I have directed the Engineers to Lay out the Fort Immediately—but he seemes greatly disgusted, that every thing does not go as he thinks proper, even if Contrary to the Judgment of every other person—In short he is an excellent paper Engineer, and I think it would be as well for us if he was employd wholly in that way—I am Confident if Congress could have found Business for him, with them, our Works, would have been as well Constructed & much more forward than they now are.3

Genl Clinton & Col. had left New Windsor for a Day only, and because an Officer on Col: Duboys’s Quartr Guard did not make his Report to him, he Arrested him—The officer was totally Ignorant, of his Assuming the Command and even if he had known it, being on the Qr Guard of a Regt his Report should be made to the Officer Commanding the Regt.

The Quarters Masters Department is entirely out of Cash, & is 200,000 Dollars in Debt, If it has not a supply the works cannot be Carried on, with any expedition. I am Dr sir Your Mot Obedt Servt

Israel Putnam

P.S. The Inclosd is a Return of the Prisoners taken with Col: Webb.4


1Andreas Emmerich (d. 1809), a veteran of the Seven Years’ War, was born near Hanau in Germany. He settled in America at the close of that war but returned to Germany at the outbreak of the Revolutionary War in order to raise a corps of Hessian volunteers to fight for the British. He sailed back to America with the rank of captain in April 1776, but his mixed corps of infantry and cavalry chasseurs apparently was formed only after the spring of 1777 from Hessian volunteers and New York Loyalists. Promoted to lieutenant colonel by the spring of 1778, Emmerich continued to lead his corps until the close of the war. John Althouse’s company of Loyalist sharpshooters, raised in New York in 1776, formed a portion of Emmerich’s corps in 1777–78 and later became a part of the New York Volunteers, with Althouse, who was exchanged shortly after the engagement described in this letter, serving as its captain. John Buchanan (1745–1795) served as a captain in the New York City militia in 1775, and in the following year he became superintendent of watercraft on the Hudson River. After recovering from his injury in the engagement described here by Putnam, Buchanan was appointed in February 1779 to be superintendent of boats at West Point. Joseph Young’s house, burned during the war, was situated at a crossroads known as Four Corners, four miles east of Tarrytown in Westchester County, New York. The Nepperhan or Sawmill River flows through southern Westchester County past Tarrytown, entering the Hudson at Yonkers. The “Tucky Hoe Road” was presumably one of the roads leading to Tuckahoe, N.Y., now part of Yonkers. Joshua Barnes of Westchester County had been commissioned an ensign in the New York Provincials in March 1776. He was charged with treason following his capture in 1778 but settled in Canada after the war.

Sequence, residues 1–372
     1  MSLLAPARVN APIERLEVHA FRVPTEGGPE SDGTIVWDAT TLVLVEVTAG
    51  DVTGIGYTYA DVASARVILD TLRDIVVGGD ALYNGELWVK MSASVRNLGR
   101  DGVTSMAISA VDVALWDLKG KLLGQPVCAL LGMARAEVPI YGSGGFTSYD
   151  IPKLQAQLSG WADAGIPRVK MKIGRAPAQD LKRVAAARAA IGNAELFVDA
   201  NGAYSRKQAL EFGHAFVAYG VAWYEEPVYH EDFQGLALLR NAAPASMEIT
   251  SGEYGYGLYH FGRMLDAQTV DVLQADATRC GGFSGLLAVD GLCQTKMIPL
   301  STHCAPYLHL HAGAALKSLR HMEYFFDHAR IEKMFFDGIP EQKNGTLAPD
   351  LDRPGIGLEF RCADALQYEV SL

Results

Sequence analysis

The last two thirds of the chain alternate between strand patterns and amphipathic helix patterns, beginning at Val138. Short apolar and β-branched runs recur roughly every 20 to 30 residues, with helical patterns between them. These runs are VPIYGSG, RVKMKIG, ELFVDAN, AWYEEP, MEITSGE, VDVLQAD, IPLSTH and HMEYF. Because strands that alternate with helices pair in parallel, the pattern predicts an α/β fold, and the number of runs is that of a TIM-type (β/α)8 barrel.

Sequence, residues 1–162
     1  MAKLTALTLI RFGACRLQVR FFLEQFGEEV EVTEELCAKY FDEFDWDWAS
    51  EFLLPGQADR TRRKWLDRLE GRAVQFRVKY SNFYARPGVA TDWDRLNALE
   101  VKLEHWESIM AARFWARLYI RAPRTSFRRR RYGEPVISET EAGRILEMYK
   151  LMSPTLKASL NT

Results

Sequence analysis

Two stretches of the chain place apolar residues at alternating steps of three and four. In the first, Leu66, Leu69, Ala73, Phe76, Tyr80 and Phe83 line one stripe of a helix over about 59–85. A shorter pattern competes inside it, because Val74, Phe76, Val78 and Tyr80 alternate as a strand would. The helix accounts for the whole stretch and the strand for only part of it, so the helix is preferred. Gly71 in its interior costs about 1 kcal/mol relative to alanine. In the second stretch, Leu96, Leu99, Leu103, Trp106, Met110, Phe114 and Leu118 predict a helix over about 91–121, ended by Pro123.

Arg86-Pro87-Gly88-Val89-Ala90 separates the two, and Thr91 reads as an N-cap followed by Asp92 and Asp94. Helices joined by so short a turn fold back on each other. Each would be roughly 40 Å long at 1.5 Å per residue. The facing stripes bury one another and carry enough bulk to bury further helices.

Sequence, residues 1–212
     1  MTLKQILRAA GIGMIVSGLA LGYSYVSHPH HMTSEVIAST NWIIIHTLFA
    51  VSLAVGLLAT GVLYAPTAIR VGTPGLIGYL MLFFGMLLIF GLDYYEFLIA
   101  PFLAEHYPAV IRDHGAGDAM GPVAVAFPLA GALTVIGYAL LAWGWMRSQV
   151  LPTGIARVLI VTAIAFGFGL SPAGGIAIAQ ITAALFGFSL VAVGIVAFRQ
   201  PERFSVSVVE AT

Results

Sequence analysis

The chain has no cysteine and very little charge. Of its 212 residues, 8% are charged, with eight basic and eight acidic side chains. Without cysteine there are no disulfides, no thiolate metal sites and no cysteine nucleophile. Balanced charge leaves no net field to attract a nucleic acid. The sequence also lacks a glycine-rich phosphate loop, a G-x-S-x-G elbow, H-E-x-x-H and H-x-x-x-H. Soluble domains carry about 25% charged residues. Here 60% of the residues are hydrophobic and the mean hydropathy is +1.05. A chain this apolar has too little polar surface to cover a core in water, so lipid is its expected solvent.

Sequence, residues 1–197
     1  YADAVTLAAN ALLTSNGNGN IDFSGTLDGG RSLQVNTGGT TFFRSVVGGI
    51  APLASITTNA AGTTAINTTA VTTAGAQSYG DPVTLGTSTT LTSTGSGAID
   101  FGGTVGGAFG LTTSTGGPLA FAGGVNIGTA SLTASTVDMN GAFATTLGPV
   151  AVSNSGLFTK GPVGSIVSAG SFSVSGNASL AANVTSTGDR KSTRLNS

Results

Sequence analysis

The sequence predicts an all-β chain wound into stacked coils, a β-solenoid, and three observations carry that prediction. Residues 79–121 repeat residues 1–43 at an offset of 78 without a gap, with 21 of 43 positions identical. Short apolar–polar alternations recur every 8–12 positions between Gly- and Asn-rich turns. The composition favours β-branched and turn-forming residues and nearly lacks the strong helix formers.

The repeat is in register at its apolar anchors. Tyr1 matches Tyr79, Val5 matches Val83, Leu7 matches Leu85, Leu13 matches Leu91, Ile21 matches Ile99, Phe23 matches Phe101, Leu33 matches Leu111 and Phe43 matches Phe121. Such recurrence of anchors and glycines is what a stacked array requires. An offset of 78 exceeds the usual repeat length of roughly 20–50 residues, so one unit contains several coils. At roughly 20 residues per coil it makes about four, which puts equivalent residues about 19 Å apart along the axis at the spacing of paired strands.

2Putnam is referring to his letter to GW of 7 Nov. 1777.

3For La Radière’s version of events relating to the dispute over the fortification of the Hudson River, see his letter to GW of this date.

4The enclosed return lists 25 prisoners from Col. Samuel Blachley Webb’s regiment, 39 from Col. Jacob Ely’s regiment, and one “Subb of the Train,” all of whom had been taken prisoner by the British on 10 Dec. 1777 (DLC:GW; see also Webb to GW, 29 Dec. 1777).